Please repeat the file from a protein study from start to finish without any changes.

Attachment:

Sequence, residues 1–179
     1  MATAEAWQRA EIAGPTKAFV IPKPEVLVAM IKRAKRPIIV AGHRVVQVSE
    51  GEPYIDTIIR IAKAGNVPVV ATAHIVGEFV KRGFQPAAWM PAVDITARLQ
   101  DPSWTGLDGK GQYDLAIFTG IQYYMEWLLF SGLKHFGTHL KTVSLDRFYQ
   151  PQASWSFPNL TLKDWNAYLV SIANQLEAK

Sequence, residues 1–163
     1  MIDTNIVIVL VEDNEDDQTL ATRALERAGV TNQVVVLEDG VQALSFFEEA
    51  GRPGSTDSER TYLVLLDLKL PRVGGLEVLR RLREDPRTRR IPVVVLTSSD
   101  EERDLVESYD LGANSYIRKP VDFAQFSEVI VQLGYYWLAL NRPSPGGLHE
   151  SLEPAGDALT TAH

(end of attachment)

Sequence, residues 1–179
     1  MATAEAWQRA EIAGPTKAFV IPKPEVLVAM IKRAKRPIIV AGHRVVQVSE
    51  GEPYIDTIIR IAKAGNVPVV ATAHIVGEFV KRGFQPAAWM PAVDITARLQ
   101  DPSWTGLDGK GQYDLAIFTG IQYYMEWLLF SGLKHFGTHL KTVSLDRFYQ
   151  PQASWSFPNL TLKDWNAYLV SIANQLEAK

Sequence, residues 1–163
     1  MIDTNIVIVL VEDNEDDQTL ATRALERAGV TNQVVVLEDG VQALSFFEEA
    51  GRPGSTDSER TYLVLLDLKL PRVGGLEVLR RLREDPRTRR IPVVVLTSSD
   101  EERDLVESYD LGANSYIRKP VDFAQFSEVI VQLGYYWLAL NRPSPGGLHE
   151  SLEPAGDALT TAH